Title 21 of the US Code of federal regulations (21 CFR
) lists all of the ingredients approved for use in the US food supply, whether for humans or animals. The US is a net exporter of corn and soy, and China is a net importer, so your example is not the best but I get your point.
More importantly, so does the FDA. They are currently working on the second draft of the proposed rules to cover verification that imported food products are produced to US standards as part of the Food Safety Modernization Act (FSMA
). FSMA is the most extensive revision of US food and feed laws since the original 1938 Federal Food Drug and Cosmetics Act. One of the proposed regulations is to cover Foreign Supplier Verification, by which importers must certify (through inspections) that foreign companies are following the same rules as US based companies when producing their products for export to the US. Furthermore, the FDA plans to begin on-site inspections of foreign sites at a minimum of every 3 years. For those sites that are classified as a higher risk level, they will be inspecting every year, and only the first inspection is free. The FDA will bill the company for the cost of follow up inspections if problems are found and a re-inspection is deemed necessary.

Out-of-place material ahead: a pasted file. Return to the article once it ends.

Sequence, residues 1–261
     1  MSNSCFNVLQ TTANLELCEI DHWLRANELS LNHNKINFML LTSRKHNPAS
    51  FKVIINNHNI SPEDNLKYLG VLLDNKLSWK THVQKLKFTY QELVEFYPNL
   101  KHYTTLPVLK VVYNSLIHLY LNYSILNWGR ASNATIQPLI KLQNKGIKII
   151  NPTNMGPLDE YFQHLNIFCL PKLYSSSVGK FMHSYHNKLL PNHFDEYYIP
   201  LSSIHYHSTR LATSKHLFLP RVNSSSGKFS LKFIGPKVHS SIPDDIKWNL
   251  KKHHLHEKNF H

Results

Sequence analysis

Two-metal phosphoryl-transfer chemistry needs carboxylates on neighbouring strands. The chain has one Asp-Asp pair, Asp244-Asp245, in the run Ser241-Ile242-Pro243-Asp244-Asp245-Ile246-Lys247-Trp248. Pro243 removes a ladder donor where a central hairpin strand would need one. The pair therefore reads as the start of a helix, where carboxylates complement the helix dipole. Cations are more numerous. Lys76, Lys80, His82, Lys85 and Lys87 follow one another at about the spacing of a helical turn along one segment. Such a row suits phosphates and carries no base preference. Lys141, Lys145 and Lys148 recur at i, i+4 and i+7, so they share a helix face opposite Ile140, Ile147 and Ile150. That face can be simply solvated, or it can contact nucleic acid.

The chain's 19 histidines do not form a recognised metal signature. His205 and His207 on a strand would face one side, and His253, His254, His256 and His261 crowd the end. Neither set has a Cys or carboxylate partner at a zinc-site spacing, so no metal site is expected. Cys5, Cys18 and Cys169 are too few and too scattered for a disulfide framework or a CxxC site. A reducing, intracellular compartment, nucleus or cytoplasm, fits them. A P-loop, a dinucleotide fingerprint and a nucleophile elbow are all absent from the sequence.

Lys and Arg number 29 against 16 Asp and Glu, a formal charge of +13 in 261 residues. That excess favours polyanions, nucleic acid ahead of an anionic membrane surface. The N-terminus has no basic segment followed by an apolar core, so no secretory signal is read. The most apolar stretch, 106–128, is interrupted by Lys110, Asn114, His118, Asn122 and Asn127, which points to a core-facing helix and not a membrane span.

Also, FSMA gives the FDA vast new enforcement powers. Currently, they can recommend a product recall, but the manufacturer ultimately decides. Once the act is in place, they will be able to sieze all product in the supplychain, issue recalls, and close down manufacturing sites on the suspicion of a problem. They don't need to have any hard evidence like testing data or sick people.